In the recent case of Clyde & Co LLP and another v Bates van Winkelhof [2012] EWCA Civ 1207, the UK Supreme Court held that LLP members can be “workers” for the purpose of whistleblowing legislation. This means that members of a limited liability partnership in the UK (and not just employees) can now claim whistleblowing rights, in addition to certain other rights available to “workers.” One important practical implication of this decision is that private equity and investment firms that engage their investment professionals in the UK as members of limited liability partnerships will now need to keep these additional protections in mind when removing members. In addition, there may be other far-reaching implications to consider as well. 

  1. Whistleblowing Rights

If an employer subjects one of its workers to a detriment because the worker has made a protected disclosure, then that worker may be able to sue the employer for compensation which is not capped in the way that it is for, say, ordinary unfair dismissal. LLP members will therefore be entitled to uncapped compensation based on their actual and future losses, if they are able to show at an Employment Tribunal that they have been subjected to detrimental treatment by their firm on the grounds of the member having blown the whistle on wrongdoing. Detriment could mean dismissal or something else that falls short of dismissal, e.g. a reduction in pay or demotion. In order for a disclosure to be “protected,” it must relate to one of the following: a criminal offence, a breach of a legal obligation, a miscarriage of justice, danger to health and safety of an individual, damage to the environment or the deliberate concealment of information about any of the above.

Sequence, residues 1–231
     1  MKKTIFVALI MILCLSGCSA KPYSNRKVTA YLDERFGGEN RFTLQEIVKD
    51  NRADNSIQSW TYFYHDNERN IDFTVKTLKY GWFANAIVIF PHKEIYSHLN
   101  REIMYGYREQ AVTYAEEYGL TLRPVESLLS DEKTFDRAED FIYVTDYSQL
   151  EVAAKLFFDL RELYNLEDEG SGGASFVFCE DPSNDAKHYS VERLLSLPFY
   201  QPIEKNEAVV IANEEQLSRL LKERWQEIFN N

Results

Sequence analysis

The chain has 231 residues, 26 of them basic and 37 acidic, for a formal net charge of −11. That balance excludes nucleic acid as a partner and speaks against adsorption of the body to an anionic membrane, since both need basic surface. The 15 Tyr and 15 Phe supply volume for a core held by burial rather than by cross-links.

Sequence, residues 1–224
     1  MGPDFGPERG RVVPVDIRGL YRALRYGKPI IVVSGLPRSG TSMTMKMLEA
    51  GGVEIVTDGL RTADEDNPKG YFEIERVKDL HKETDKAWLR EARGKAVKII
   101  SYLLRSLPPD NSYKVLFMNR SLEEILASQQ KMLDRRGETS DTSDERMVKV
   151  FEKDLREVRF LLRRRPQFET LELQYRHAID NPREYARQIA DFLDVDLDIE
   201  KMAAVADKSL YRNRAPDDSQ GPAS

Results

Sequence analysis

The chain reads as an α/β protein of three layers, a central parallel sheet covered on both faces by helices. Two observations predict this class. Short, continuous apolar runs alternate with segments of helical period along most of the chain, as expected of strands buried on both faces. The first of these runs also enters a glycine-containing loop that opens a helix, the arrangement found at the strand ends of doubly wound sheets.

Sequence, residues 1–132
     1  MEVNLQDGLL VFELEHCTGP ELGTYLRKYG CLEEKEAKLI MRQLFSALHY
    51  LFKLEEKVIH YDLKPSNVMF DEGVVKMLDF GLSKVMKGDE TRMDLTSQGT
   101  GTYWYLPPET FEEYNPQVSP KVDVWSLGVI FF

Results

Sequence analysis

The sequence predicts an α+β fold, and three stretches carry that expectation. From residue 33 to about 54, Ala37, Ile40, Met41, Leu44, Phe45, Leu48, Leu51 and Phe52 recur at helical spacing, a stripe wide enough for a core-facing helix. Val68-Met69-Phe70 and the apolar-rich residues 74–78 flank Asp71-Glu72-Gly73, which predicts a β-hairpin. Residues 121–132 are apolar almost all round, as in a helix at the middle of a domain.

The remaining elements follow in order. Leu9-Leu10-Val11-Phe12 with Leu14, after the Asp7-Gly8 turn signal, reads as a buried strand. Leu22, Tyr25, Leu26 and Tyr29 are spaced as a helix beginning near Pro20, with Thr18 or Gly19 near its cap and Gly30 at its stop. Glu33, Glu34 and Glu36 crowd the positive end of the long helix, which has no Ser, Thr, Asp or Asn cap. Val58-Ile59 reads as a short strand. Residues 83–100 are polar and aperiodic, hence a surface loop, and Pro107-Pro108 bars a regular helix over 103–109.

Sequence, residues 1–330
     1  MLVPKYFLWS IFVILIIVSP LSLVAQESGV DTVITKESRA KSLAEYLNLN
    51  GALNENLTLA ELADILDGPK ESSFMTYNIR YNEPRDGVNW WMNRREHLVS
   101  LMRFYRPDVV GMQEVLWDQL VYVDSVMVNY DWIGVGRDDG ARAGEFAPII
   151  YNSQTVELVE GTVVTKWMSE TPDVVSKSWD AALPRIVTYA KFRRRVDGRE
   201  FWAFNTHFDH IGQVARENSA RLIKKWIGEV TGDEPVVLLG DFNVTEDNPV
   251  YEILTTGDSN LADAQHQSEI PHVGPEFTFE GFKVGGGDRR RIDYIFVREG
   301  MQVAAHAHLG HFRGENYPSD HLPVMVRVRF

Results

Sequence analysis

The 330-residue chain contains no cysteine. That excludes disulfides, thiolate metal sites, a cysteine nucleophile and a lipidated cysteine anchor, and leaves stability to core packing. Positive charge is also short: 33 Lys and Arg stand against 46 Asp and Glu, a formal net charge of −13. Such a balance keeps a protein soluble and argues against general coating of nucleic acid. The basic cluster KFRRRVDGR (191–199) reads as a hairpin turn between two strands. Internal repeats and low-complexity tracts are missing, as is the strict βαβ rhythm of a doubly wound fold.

It will be obvious to most employers that a complaint concerning such matters as financial irregularities or unsafe working practices will be sufficient to give a worker protection under the whistleblowing legislation in the UK. However, a breach of any legal obligation, such as an alleged breach of the worker’s own contract, could also be sufficient to give the worker such protection. All that workers need to do is show that (a) they had a reasonable belief that (i) the breach occurred (or is likely to occur) and (ii) the disclosure is in the public interest and (b) they were subject to a detriment because of the disclosure. Furthermore, departing workers have shown themselves creative in the way that they have tried to afford themselves of such protection. This can come as a nasty surprise to employers.

For private equity firms and other investment firms, this issue is most likely to occur in the context of acrimonious exit negotiations where a departing employee or LLP member tries to claim that they are being removed as a result of having “blown the whistle,” either because the individual genuinely believes this to be the case or as tactic to lever a better termination package.

  1. Other Rights

If LLP members are “workers” for the purposes of the whistleblowing legislation, then they will also have certain other statutory rights enjoyed by workers. These include the following rights:

  1. Part-Time Workers Regulations

Part-time LLP members will now have the right not to be treated less favourably than their firm treats comparable full-time LLP members, unless the treatment can be objectively justified by the firm. Objective justification means that an LLP must be able to show that the treatment achieves a legitimate business objective of the firm and is a proportionate way to achieve that objective.